Tuesday, May 05, 2009

Movie Log: Lars and the Real Girl

The "short and funny" regime continues, though I'm not dogmatic about it -- Lars and the Real Girl counts both ways even though it's about an hour and three-quarters and not a comedy. (It is funny, now and again, and ends well, so it's a comedy in the Shakespearean sense, at least.)

Ryan Gosling is Lars, a very introverted young man living in a small community somewhere cold and snowy -- I don't think the movie ever says, exactly, but I had a Minnesota-ish feeling. (Though it could be Manitoba or Ontario; it seemed to be North America, and the accents pegged it somewhere in that general area.) He does something unspecified in an office, and lives in a few rooms attached to the garage of his brother Gus (Paul Schneider) and sister-in-law Karin (Emily Mortimer). Karin and Gus live in the old family homestead, having moved back into it a few years back when Gus and Lars's father (whom Lars was living with and caring for) died.

In fact, Lars is probably clinically something-or-other -- I'm not a doctor, so I won't be specific -- since he says, later in the movie, that it physically hurts him when other people touch him. Conversation and emotional closeness don't seem to give him immediate pain, but he doesn't like them much, either. So he keeps to himself almost all the time, despite the efforts of Karin and a co-worker, Margo (Kelli Garner), to draw him out.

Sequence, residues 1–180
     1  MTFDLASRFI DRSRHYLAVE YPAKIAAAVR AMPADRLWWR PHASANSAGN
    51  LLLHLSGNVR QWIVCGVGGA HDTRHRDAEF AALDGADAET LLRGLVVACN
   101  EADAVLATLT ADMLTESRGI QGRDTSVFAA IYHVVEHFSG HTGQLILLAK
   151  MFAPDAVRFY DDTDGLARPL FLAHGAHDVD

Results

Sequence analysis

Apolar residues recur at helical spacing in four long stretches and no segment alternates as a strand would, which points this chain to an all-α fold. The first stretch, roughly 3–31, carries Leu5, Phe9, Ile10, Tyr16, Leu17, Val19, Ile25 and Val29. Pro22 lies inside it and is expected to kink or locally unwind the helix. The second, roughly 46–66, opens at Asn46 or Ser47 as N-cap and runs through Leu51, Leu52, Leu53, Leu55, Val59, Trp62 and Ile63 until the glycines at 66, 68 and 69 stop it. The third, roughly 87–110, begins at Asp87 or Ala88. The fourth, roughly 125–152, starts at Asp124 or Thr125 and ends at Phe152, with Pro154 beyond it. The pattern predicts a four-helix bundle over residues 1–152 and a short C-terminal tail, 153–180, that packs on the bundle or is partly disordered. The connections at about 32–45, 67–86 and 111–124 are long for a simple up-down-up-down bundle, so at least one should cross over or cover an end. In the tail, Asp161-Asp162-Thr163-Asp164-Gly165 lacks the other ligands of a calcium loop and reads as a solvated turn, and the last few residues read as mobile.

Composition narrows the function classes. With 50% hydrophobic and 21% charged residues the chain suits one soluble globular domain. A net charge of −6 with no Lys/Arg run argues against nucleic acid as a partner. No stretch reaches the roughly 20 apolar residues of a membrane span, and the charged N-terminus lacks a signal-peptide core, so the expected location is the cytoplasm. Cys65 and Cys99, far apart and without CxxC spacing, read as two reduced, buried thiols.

But then one day Lars learns about those life-size ultra-realistic sex dolls, and -- we don't know his through processes -- decides to order one. She arrives , in a box like a coffin, and he declares to Gus and Karin that she's his girlfriend, Bianca. And there's some resistance -- from Gus, and then other men in the town -- but, before long, the whole town is treating Bianca as if she's real.

Under the pretense of treating Bianca, Lars starts seeing the local doctor, Dagmar (Patricia Clarkson), and she draws him out bit by bit. And then the bulk of the movie is the engrossing, fascinating process in which first Bianca and then Lars become part of the real life of this town -- how they both are drawn into these small-town social circles. Bianca is elected to the school board, and gets various volunteer jobs -- all with everyone else in town pushing her around in a wheelchair, because Lars says she's sick.

And, eventually, Lars finds ways to cope with himself, and can finally open up to real people. Lars and the Real Girl has the premise of a wacky comedy, but it's about as far from that as can be imagined -- it's a quiet, touching story of socialization and the deep, lasting strengths of people who really know and care about each other. Everyone I know who's seen it has loved it [1], and I did, too.

Edit: [1] Except Joshua. (see below)

1 comment:

The Brillig Blogger said...

not everyone you know. not everyone.

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